Monday, November 13, 2006
Tinkerman the Second
It seems strange for a coach to resign when his team is occupying a place in the top four of the competition, but things have just not been clicking for Queensland of late. Perhaps it’s for the best.
What has stifled Queensland this season more than anything else, I feel, is Bleiberg’s insistence on experimenting. Claudio Ranieri won the nickname “tinkerman” during his final season at Chelsea, when he constantly changed his personnel so as to keep the egos in his multi-millionaire team under control, but such a sobriquet more properly belongs to Bleiberg.
Ante Milicic, the best finisher at the club, has been in and out of the team, and often quite unwisely deployed. Simon Lynch, whose early-season performances surely merited a regular starting place, has also been bouncing between the first team and the bench. The forward in whom Bleiberg seems to place the most faith, Reinaldo, has blown very much hot and cold – as Hamish at Football Down Under has recently pointed out.
Then there has been the positional confusion.
Andrew Packer has been bizarrely deployed at left-back, while Matt McKay has shifted between the left and the centre. Stuart McLaren has popped up in a few different positions. Spase Dilevski has popped up almost everywhere.
The Roar take the field in orange, and the frequent tactical changes adopted by Bleiberg have certainly added spice to last season’s Brisbane Hollandia jokes.
Bleiberg’s media manner will be missed, though. I commented with awe on his refreshing tactical explanations after the game against Sydney at Aussie last month, and his on-camera rant after the Roar had thumped Newcastle late last season has already entered Australian football folklore.
And Frank Farina as replacement?
It wouldn’t be a bad choice at all, in my view. Although Farina often looked out of his depth in the Socceroo job, his relatively brief coaching stint in the old NSL was a palpable success.
One hopes that, should Farina get the gig, his media manner will improve from the shocking low he reached towards the end of his national team tenure. The fact that he will be dealing chiefly with Fox rather than SBS augurs well in that respect, of course.
It was easy to blame last season's woeful composure in front of goal on the mental fragility and lack of experience of the players, but that is no excuse this year. I just think the fact that the coach was so keyed up to win at home for the club's wonderfully loyal supporters as well as his employers, put immense pressure on the players. If the coach is panicking, you can expect the players to become too eager.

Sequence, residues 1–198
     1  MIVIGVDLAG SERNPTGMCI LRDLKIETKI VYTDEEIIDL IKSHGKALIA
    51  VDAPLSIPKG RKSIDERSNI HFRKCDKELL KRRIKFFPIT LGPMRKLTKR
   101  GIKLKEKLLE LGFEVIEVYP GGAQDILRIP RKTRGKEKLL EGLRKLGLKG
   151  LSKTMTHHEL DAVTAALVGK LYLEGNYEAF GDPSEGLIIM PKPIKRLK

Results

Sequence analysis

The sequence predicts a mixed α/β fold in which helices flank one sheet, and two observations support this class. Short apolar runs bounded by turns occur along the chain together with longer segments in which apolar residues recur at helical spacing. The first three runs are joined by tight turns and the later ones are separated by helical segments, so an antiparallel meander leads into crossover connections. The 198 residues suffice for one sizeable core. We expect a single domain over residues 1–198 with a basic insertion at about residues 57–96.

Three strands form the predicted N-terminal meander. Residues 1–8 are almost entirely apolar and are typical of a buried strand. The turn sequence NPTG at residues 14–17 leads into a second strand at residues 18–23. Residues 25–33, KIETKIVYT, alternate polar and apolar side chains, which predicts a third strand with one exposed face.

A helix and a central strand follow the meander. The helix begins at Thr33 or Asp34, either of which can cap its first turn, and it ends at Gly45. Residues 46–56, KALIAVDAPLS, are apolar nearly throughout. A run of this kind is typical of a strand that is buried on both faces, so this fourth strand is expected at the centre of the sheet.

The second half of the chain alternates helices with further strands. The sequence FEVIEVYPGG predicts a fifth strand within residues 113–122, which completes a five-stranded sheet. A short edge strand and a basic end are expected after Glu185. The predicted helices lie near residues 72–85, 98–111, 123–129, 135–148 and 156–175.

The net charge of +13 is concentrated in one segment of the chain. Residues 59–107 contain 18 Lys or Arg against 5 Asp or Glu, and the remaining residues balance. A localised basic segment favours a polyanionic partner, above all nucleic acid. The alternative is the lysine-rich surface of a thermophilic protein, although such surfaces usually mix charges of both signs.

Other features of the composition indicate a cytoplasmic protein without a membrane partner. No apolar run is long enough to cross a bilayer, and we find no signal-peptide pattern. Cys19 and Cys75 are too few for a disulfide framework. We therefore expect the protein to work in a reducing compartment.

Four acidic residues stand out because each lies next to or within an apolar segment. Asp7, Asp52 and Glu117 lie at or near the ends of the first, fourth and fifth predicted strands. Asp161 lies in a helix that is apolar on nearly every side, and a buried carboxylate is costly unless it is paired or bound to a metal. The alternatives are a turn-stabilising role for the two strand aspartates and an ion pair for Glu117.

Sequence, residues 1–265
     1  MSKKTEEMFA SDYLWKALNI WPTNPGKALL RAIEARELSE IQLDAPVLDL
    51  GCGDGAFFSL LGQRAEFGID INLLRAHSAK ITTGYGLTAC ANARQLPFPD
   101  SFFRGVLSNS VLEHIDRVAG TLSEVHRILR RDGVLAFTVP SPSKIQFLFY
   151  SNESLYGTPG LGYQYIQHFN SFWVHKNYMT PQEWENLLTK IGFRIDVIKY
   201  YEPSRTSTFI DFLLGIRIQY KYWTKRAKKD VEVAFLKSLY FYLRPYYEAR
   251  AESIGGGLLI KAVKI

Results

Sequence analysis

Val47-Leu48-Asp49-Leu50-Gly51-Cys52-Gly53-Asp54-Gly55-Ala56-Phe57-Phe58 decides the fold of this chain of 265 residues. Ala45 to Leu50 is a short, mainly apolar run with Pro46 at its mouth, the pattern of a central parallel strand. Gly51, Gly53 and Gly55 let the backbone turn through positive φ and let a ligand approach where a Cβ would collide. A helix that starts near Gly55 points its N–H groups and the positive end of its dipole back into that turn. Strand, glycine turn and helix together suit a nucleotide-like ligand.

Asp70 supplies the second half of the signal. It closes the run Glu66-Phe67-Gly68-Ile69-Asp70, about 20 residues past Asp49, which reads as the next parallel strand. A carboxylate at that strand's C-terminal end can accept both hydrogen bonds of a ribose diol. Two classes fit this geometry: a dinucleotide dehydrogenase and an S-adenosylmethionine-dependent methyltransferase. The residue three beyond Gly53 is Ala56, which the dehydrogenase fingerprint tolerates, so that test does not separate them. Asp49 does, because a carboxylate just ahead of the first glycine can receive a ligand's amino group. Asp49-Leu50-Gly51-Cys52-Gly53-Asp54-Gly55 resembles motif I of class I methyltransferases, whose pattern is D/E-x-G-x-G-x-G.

On the whole, I still think his stint has been a positive for the league, because his heart was undoubtedly in the right place.
Some are already knocking Farina, but long-time observers of the game will remember that he was perfectly adequate at a domestic level in this country. The football won't be as easy on the eye as Bleiberg's teams, but the Roar management could do a whole lot worse than signing FF.
And Miron was, as you point out Mike, always the inventive, experimental one.
It might have been a final act, but maybe his resignation was a final act of coaching. Maybe he even drew some inspiration for his experiment from the Newcastle Jets, who didn't actually change their (quite sound) game plan after the sacking of Nick Theodorokopoulos, but for some reason found some extra something.
I think Miron's quite mad. I also think he's a good man. I think he thinks he knows what he's doing, in some perverse, selfless way. I also hope like hell that he's right.
All this talk of Miron's inventiveness and ingenuity quite literally amazes considering he can't get the basics right. Leaving Dilevski persistently out, Packer at LB etc. Just ridiculous rubbish that has led to Roar's, imho, underachievement
His tinkering has cost him, it's that simple.